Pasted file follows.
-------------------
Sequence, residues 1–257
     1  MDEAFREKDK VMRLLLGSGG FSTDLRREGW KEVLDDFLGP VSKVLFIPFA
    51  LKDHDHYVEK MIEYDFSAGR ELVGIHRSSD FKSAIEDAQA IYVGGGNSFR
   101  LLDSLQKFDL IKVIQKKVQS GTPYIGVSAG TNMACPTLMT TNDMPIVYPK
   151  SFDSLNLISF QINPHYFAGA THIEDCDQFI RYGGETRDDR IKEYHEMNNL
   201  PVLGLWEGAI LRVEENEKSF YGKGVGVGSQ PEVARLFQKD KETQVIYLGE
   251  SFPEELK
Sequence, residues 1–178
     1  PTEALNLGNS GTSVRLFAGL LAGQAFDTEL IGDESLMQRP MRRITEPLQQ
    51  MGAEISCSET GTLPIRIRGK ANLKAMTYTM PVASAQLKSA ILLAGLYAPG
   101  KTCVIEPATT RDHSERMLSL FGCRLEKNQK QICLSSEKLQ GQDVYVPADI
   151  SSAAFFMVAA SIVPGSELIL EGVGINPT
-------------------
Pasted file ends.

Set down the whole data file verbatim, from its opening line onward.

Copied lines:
Sequence, residues 1–257
     1  MDEAFREKDK VMRLLLGSGG FSTDLRREGW KEVLDDFLGP VSKVLFIPFA
    51  LKDHDHYVEK MIEYDFSAGR ELVGIHRSSD FKSAIEDAQA IYVGGGNSFR
   101  LLDSLQKFDL IKVIQKKVQS GTPYIGVSAG TNMACPTLMT TNDMPIVYPK
   151  SFDSLNLISF QINPHYFAGA THIEDCDQFI RYGGETRDDR IKEYHEMNNL
   201  PVLGLWEGAI LRVEENEKSF YGKGVGVGSQ PEVARLFQKD KETQVIYLGE
   251  SFPEELK
Sequence, residues 1–178
     1  PTEALNLGNS GTSVRLFAGL LAGQAFDTEL IGDESLMQRP MRRITEPLQQ
    51  MGAEISCSET GTLPIRIRGK ANLKAMTYTM PVASAQLKSA ILLAGLYAPG
   101  KTCVIEPATT RDHSERMLSL FGCRLEKNQK QICLSSEKLQ GQDVYVPADI
   151  SSAAFFMVAA SIVPGSELIL EGVGINPT